She continued, “Over the years, I’ve had the pleasure to know and work with many attorneys and judges who embody professionalism, including Judge Jim Kirsch, Judge Sarah Evans Barker, Karl Mulvaney, Kevin McGoff, John Maley, Chris Scanlon, Carl Pebworth, Don Blackmond, John Trimble, Tom Bodkin, and Art Surgine, to name just a few. It is good to realize how many in our profession have a reputation for honor, respect and trustworthiness.”

To be honored with the Professionalism Award is something Hollingsworth described as “humbling”. She added, “It is immensely gratifying to be included among the exceptional attorneys who are past recipients of this award.”•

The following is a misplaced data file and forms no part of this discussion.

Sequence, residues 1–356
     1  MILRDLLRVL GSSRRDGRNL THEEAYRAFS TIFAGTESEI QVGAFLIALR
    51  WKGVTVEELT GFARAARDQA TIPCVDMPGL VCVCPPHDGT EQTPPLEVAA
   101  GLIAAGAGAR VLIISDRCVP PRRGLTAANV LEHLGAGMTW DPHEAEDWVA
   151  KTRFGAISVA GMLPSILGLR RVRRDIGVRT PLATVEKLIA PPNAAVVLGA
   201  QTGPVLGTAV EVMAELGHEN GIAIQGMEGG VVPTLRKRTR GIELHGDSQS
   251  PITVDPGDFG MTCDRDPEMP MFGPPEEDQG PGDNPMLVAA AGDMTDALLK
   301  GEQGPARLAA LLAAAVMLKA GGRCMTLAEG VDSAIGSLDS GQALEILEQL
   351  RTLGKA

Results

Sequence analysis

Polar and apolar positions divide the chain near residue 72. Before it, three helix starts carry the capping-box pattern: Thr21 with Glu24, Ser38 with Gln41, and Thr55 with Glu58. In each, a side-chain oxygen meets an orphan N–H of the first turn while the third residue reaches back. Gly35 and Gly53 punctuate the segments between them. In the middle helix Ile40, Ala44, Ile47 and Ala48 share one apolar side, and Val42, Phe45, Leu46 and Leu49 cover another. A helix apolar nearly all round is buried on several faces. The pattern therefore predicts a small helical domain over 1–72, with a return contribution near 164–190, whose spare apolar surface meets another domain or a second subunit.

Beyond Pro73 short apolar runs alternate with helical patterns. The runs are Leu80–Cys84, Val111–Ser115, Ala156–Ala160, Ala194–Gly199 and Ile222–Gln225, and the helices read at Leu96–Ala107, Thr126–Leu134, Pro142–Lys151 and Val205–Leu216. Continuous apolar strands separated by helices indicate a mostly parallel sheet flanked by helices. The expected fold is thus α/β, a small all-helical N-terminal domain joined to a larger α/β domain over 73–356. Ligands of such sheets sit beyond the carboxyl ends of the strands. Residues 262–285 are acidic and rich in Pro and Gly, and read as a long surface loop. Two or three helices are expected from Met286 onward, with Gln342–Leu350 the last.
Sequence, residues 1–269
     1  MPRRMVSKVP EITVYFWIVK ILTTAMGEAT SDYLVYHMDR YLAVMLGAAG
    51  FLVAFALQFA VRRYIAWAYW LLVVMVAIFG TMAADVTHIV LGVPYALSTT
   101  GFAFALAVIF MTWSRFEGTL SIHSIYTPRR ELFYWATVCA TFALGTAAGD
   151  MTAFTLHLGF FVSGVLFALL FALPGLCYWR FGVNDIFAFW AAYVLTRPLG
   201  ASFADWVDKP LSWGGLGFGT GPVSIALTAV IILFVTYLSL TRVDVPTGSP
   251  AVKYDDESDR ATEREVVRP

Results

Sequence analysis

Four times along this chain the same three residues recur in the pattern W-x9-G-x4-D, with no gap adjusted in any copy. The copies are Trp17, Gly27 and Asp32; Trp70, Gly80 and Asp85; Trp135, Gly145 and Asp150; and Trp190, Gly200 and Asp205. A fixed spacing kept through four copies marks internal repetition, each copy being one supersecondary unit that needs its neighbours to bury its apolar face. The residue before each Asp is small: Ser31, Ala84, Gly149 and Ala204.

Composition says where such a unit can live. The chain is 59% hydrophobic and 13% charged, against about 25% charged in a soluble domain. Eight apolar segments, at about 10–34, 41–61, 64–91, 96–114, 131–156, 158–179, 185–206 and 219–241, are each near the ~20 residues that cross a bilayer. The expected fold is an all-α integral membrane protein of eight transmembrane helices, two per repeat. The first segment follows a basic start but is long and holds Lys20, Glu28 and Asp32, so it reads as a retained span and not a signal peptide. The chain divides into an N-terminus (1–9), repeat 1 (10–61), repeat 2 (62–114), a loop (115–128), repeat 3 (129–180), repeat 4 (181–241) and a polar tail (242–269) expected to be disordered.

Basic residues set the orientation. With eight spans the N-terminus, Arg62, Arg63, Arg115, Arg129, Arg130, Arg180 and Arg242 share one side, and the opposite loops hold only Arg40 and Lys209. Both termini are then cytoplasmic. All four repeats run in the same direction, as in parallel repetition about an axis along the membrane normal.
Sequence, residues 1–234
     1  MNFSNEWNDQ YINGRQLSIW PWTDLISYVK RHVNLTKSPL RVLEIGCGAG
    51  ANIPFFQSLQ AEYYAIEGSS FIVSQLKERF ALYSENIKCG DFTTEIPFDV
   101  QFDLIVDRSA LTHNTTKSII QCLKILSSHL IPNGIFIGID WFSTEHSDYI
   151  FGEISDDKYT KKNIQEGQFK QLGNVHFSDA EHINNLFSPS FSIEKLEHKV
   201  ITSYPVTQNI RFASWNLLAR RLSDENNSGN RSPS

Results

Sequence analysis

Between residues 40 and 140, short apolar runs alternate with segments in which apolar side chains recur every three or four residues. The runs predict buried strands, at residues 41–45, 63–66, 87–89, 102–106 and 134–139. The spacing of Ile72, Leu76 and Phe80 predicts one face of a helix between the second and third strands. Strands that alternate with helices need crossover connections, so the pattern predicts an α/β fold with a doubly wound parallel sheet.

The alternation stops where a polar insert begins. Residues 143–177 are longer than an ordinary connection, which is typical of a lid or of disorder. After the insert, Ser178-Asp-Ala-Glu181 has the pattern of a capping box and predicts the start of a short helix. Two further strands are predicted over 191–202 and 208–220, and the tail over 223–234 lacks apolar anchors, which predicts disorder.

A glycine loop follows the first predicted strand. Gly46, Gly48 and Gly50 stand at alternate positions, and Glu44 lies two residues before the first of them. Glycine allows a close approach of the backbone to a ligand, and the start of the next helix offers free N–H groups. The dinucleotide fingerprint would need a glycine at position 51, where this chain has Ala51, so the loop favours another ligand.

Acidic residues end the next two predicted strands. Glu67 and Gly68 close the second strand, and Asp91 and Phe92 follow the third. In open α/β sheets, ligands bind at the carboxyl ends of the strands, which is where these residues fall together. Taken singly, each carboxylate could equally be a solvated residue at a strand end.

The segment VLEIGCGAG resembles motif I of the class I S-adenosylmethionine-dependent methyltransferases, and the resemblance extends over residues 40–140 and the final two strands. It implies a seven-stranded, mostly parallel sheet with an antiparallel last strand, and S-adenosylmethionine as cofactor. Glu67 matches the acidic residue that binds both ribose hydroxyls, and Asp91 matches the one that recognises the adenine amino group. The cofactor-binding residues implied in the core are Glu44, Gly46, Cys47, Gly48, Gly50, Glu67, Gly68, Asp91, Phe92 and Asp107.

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  1. Mr Smith, while most reading these posts are too busy making money or cranking out what passes for justice in our legal-techocrat order,I have often attempted to resist your cynicism, well thought out cynicism I admit. Please know that I give up, I can resist your logic no more. From Locknarian Platonic Guardians, through the incorporation doctine, to substantive due process, to Roe, to the latest demands that all states redefine the foundational stone of all civilized social order, the history of America's fall from Grace is inscribed on the dockets of the judiciary. From the federal judges' apostasy of a kind that would have caused John Jay to recommend capital punishment, to the state judges' refusal to protect the sanctuary of the state constitutions, seeing in them merely a font from which to protect pornographers, those who scream "f*ck the police" and pemubras and emanations following the federal apostates, it has been the judiciary, by and large, that has brought the Experiment in Ordered Liberty to an end. The Founders had great and high hopes that they had designed the third branch to save the Republic from such a time as this ... rather the third branch has allowed itself to be used to drag the Republic into rat infested sewers from which no nation has ever returned. Save me from tomorrow: